Montana Medical Marijuana Changes Cause Confusion

By Beacon Staff

HELENA – Some of the changes in Montana’s medical marijuana law that took effect Friday have created confusion among users and distributors after a judge blocked other parts of the restrictive overhaul.

Helena District Judge James Reynolds on Thursday temporarily blocked portions of the law that eliminated Montana’s “caregiver” system for distributing marijuana. The law renames caregivers as providers and bans them from making a profit or distributing marijuana to more than three patients.

But while the judge blocked the ban on profits and on patient limits, the name change from caregiver to provider did become effective Friday.

A marijuana advocacy group says that technically means anybody still registered as a caregiver cannot legally provide marijuana to patients until they re-register with the state as providers.

To ensure no law enforcement agency tries to exploit the technicality to shut down a pot distributor, the Montana Cannabis Industry Association is telling all medical marijuana users who use caregivers to go to the state health department and fill out the necessary paperwork to re-register their caregivers as their providers.

“We’re hoping that an administrative, bureaucratic technicality won’t be exploited by law enforcement. That would be a bit heavy handed,” group spokeswoman Kate Cholewa said. “We’re sure this is an unintended consequence. We hope that it will be treated as such.”

The group’s call to users and providers to re-register with the state has the potential of creating a glut at the Department of Public Health and Human Services, which already in the throes of writing regulations for the new marijuana law.

There are more than 30,000 registered marijuana users in Montana. About two-thirds of them use caregivers to obtain marijuana while the rest grow their own, according to health department.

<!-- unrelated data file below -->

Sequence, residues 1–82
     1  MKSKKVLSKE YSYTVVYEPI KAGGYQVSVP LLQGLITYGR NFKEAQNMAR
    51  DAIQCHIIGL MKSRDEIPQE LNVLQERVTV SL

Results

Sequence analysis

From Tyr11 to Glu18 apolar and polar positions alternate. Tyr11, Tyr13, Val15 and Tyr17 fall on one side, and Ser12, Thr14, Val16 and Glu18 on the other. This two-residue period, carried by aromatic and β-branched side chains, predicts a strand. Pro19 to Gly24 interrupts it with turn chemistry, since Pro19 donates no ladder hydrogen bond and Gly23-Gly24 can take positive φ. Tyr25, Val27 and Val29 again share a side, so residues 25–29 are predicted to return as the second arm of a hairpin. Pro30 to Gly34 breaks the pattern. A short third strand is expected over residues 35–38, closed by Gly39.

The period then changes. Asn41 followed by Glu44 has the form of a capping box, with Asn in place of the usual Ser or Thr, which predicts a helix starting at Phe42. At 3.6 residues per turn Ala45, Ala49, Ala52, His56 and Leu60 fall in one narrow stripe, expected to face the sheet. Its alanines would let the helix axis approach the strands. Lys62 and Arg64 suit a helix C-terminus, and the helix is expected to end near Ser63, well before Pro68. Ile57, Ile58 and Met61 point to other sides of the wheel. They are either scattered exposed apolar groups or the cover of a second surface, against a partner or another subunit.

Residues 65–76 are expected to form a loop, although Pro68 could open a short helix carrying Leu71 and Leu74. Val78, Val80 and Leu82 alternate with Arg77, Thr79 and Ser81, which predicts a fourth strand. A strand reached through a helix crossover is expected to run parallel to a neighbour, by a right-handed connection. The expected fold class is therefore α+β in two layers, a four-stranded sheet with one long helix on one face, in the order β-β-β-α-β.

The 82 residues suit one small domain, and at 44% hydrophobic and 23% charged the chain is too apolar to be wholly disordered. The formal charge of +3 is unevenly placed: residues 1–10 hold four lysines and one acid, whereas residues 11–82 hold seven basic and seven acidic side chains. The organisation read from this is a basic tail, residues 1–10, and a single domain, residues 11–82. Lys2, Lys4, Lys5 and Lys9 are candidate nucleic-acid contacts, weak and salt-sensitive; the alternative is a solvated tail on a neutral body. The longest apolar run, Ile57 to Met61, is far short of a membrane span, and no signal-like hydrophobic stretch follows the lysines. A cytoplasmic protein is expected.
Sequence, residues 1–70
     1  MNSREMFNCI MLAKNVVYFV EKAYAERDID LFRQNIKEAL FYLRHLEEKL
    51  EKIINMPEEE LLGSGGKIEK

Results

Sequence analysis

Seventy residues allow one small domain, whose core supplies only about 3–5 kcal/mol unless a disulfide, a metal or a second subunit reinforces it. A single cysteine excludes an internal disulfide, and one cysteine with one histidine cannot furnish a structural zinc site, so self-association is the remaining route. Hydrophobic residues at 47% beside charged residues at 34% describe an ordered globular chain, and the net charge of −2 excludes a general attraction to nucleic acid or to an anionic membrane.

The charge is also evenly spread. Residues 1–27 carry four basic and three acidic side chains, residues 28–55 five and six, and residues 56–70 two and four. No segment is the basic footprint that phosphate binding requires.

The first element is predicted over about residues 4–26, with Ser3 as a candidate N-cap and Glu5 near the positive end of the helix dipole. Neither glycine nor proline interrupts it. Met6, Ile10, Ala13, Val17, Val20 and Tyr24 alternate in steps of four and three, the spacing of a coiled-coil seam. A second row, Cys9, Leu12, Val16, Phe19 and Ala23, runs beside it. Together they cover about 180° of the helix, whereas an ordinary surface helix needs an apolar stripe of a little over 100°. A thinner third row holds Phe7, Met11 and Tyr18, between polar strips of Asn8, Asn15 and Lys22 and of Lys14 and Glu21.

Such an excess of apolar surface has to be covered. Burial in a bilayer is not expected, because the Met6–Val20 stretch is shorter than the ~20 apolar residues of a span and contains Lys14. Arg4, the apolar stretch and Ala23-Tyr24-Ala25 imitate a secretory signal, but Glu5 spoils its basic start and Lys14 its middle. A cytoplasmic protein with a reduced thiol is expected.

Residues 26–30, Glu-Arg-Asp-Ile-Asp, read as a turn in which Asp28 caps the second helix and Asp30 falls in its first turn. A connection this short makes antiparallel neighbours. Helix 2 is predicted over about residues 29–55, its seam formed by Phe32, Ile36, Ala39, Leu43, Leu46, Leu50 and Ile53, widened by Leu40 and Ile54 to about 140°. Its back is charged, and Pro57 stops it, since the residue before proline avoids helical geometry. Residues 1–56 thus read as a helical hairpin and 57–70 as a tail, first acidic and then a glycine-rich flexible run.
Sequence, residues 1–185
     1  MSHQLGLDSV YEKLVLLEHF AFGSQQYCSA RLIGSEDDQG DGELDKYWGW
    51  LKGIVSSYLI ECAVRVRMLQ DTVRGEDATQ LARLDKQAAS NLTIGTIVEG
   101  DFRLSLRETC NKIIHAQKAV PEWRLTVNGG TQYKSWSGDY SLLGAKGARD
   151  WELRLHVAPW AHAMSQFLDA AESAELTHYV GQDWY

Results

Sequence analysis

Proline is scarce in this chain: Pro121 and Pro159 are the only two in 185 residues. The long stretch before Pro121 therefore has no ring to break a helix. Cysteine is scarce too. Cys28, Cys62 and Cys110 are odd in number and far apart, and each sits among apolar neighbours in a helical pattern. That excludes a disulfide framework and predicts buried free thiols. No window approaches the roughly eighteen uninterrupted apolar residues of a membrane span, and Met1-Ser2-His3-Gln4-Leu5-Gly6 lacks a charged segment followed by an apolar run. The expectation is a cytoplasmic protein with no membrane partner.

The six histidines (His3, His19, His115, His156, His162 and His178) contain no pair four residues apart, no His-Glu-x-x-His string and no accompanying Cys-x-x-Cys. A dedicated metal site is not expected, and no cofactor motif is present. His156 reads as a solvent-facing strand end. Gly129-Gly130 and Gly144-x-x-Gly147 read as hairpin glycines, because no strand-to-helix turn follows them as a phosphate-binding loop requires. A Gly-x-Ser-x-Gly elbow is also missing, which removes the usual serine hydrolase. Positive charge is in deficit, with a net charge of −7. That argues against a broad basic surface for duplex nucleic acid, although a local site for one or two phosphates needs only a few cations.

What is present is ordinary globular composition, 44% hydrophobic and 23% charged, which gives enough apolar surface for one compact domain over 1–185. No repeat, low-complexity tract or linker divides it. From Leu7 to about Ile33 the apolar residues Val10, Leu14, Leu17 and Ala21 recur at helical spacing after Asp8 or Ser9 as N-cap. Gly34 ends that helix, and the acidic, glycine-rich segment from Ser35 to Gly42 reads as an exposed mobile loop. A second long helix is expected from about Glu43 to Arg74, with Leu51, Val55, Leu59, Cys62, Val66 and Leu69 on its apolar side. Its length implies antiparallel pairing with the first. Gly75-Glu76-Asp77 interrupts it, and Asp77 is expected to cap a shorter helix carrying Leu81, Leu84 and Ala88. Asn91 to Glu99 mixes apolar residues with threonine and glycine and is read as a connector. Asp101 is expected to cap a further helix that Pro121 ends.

The department’s chief regulator, Roy Kemp, said officials have seen an increase in people asking for provider applications, though he was unsure whether the judge’s ruling made it necessary.

“I am accepting provider applications from individuals, but I have no idea whether that is a necessary transition or not,” Kemp said.

Reynolds on Thursday also temporarily blocked provisions of the new law banning advertising of medical marijuana, allowing unannounced searches of providers and requiring an investigation into any doctor who recommends marijuana for more than 25 patients in a year.

Those portions of the law, along with the ban on commercial pot operations, will be on hold until the Montana Cannabis Industry Association’s constitutional challenge to the law is heard.

But the rest of the changes took effect Friday, including measures designed to rein in what lawmakers called an industry that has spun out of control because of gray areas in the 2004 voter-approved initiative legalizing medical marijuana.

Now, new or renewing medical marijuana users must be Montana residents and they must provide proof of their chronic pain to qualify for a registration card with that medical condition. They also must carry their registration cards at all times.

The number of mature marijuana plants allowed per patient has been lowered from six to four, and they can’t be grown in view of the street or a public place.

Law enforcement officers now have a standard to test for driving under the influence of marijuana after obtaining a search warrant and officials will now know where a pot provider’s grow operation is located, information that was confidential under the old law.

Providers also must be Montana residents, not have a felony or drug conviction on their records and they can’t combine growing operations with other providers. Plus, providers must now be fingerprinted and undergo a background check.

Kemp said the department has until Oct. 1 to start those checks.

Additional restrictions also will be placed on doctors who recommend medical marijuana. They must have a Montana office, assume primary responsibility for the patient’s care and not be affiliated with or receive any money from marijuana providers.

Kemp said the health department is in the process of writing regulations and he foresees no problems with implementing the law.

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